Returning to the use of the Western technologies for “color revolutions” in the post-Soviet space and the Middle East, we see that they are implemented in the following sequence:
- In the first phase, the country’s socio-political and economic systems are destabilized by creating a large-scale systemic crisis and putting it into a state of “manageable chaos,” which makes the country’s political regime vulnerable to external influence. The main goal of the aggressor state’s destabilizing actions is the formation of a “center of influence” in the form of opposition forces that build up the resistance to the ruling regime to the point of an armed conflict. To do this, the aggressor state finds supporters within the ruling elite of the “enemy” country that will transform its political system.
- In the second phase of “manageable chaos,” an attractor structure is established in the form of opposition center of sociopolitical influence with the task of taking over the country by changing the political regime.
- In the third phase, a process is initiated to form new public administration and security service institutions under the aegis of international organizations.
The indirect action strategy for waging geopolitical struggle is superior to the direct action strategies for the following reasons:
- It enables the aggressor to minimize the cost of transforming a victim country’s political system without using military force while maintaining an optimal risk/reward balance.
- It makes it possible to control damages to the enemy country’s economic structure and minimize its human and environmental resource losses for later exploitation by the aggressor.
The color revolutions that took place in the post-Soviet space and the Middle East grew out of the theory of “manageable chaos” (or, as it is also called, the theory of “controllable instability”) that was developed in the United States by Gene Sharp and Steven Mann (author of the monograph “Chaos Theory and Strategic Thought”). It served as the basis for developing the soft power strategy technology, which is based on the following principles:1
- Consolidation of all political forces opposing the existing legitimate government;
- Destruction of the confidence a country’s rulers have in their ability to stabilize the situation and in the loyalty of their security services;
- Destabilization of a country by sparking protest moods cultivated at various levels in its society for the purpose of undermining the existing political regime’s legitimacy;
- Initiation of regime change by challenging the outcome of elections (often even before the final vote count) and organizing acts of civil disobedience.
In virtually all countries caught in the chaos of mass riots, “spontaneous” flash mobs were organized by disseminating messages about rallies and protests through social networks and email, as well as by mobile telephones. Therefore, the color revolutions that occurred in recent years in the post-Soviet space and the Middle East should be classified not as revolutions, but as chaos-inspired rebellions.
The social structures that Western political strategists formed in the social networks create large numbers of protesters at the following levels:
- At the information level, opposition forces focus people’s attention on existing problems, accompanied by a heightened reaction to shortcomings in public life and populist proposals for resolving them;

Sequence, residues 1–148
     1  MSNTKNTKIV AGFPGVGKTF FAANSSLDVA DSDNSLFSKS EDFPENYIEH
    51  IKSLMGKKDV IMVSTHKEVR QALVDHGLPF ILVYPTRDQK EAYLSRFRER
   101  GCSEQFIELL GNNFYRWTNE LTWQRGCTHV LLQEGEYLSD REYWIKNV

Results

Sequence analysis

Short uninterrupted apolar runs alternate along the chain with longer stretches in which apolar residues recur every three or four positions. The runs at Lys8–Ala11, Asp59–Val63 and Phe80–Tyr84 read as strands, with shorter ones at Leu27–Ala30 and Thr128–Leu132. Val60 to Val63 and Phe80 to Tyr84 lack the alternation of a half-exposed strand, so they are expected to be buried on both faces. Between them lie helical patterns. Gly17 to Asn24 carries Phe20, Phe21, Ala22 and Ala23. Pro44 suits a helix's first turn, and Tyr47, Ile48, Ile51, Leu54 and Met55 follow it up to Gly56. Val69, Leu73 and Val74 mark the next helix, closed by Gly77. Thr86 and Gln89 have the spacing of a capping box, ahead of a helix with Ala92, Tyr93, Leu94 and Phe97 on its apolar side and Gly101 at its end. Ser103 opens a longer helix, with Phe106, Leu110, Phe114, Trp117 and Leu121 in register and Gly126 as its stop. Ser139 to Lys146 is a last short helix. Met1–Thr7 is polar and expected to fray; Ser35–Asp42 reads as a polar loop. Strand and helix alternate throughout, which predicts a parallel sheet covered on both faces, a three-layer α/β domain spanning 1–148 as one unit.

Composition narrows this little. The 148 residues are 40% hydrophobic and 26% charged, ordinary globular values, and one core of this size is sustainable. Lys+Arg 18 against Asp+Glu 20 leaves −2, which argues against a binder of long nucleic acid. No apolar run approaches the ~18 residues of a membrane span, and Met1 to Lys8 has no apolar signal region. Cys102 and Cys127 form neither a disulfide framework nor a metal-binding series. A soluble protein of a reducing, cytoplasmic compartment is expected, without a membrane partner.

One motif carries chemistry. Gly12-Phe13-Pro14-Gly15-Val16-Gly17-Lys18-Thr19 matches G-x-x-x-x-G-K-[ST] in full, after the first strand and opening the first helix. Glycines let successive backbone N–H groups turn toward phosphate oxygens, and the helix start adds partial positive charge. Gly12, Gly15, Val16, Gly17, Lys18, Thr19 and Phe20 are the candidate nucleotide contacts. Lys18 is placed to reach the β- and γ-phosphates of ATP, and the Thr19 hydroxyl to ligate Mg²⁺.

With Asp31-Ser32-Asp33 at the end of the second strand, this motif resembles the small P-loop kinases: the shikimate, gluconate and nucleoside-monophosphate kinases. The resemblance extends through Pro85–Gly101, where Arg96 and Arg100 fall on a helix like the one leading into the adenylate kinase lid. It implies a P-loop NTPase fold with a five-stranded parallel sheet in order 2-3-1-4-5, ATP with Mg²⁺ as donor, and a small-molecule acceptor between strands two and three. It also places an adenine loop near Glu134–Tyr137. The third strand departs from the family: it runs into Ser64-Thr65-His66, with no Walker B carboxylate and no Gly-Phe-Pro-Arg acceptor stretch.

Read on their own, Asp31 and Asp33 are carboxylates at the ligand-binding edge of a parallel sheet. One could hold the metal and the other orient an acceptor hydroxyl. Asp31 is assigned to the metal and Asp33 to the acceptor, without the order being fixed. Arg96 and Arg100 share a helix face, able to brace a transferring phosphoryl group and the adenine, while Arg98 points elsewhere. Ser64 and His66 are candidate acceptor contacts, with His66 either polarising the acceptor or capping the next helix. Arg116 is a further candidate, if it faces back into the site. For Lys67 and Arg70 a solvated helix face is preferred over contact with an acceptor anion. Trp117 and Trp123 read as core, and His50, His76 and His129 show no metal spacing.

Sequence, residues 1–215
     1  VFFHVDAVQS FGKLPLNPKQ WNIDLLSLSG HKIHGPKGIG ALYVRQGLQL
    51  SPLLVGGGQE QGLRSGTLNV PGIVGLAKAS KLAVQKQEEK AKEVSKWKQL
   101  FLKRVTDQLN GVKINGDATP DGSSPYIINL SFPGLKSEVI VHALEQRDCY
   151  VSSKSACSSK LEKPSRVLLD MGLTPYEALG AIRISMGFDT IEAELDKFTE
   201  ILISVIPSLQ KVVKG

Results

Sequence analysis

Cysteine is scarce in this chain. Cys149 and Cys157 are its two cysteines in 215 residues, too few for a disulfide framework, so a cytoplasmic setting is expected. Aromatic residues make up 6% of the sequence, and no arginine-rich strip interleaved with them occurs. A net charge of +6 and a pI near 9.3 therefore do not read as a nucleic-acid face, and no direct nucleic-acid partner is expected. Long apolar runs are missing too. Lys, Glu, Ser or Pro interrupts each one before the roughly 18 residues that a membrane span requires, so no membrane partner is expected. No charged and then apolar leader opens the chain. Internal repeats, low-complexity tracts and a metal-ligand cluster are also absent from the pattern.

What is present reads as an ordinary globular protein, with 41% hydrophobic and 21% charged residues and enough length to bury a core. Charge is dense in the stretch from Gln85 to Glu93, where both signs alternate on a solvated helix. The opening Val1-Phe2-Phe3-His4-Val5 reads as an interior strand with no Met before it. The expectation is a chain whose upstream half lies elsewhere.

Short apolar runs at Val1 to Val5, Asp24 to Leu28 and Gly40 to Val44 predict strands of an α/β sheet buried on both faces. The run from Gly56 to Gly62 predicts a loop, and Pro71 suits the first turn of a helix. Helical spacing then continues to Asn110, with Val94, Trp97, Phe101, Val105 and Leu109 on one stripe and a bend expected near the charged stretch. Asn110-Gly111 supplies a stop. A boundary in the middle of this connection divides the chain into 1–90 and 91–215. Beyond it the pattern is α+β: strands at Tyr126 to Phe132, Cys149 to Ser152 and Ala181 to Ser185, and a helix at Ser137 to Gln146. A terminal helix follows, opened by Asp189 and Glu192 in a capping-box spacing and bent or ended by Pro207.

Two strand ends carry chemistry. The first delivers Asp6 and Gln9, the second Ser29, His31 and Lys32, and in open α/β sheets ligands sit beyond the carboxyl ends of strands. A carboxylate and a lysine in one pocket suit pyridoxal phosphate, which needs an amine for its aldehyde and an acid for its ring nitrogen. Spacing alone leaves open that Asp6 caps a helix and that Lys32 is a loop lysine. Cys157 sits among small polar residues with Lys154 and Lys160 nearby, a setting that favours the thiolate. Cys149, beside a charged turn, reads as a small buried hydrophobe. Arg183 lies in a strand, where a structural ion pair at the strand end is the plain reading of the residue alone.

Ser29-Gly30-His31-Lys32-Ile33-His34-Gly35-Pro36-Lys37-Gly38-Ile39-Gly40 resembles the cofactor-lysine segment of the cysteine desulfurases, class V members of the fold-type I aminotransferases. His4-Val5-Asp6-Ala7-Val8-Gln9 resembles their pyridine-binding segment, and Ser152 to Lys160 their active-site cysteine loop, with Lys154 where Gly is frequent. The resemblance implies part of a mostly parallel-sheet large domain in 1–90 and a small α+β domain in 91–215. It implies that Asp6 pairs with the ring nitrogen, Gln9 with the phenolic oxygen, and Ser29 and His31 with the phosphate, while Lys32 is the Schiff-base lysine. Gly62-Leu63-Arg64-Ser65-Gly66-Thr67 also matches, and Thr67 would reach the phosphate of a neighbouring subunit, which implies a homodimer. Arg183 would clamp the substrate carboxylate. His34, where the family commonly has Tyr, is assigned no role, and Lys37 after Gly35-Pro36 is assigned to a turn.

- At the mental level, people become convinced that they can “no longer live under the current regime,” and that “life has become intolerable;”
- At the social level, ethnic, social, religious and regional groups are energized to adopt radical methods for resolving social problems.
Analysis of applications of the indirect action and soft power strategies have enabled us to formulate the following ways of countering them:
1. A strategy of vigilance and alertness to covert and potential, internal and external threats by making people aware of the modern political and psychological technologies for destroying a nation’s state and religio-cultural identity.
2. A strategy for ensuring the stability of state and social institutions and public awareness of attempts by foreign and domestic forces to distort and transform a country’s sociopolitical system.
3. A strategy to counter information technologies that destroy statehood through the widespread and timely dissemination of accurate information about a country’s condition, its ability to set its own rules and defend its own interpretation of events in the global information space.
4. A strategy for keeping the optimism that the public, the bureaucracy and the security services feel about society the needed level by forming a national idea and a national ideology, and through successes in defending the country’s statehood and national interests.
The need to solve these problems makes the development of a national security doctrine an urgent matter for countries that the United States and its allies have their sights on, and that doctrine must identify the threats and challenges as they emerge. As the new world order is being formed, the center of gravity of the struggle on the international stage is moving to the information-communications space, which is placing demands on state institutions and society as a whole to identify negative trends as the domestic and international situation develops so that they can be neutralized in a timely fashion.
Vladimir Karyakin, Cand. Sc. (Military), is a Senior Fellow in the Department of Defense Policy of the Russian Institute for Strategic Studies. Exclusively for New Eastern Outlook.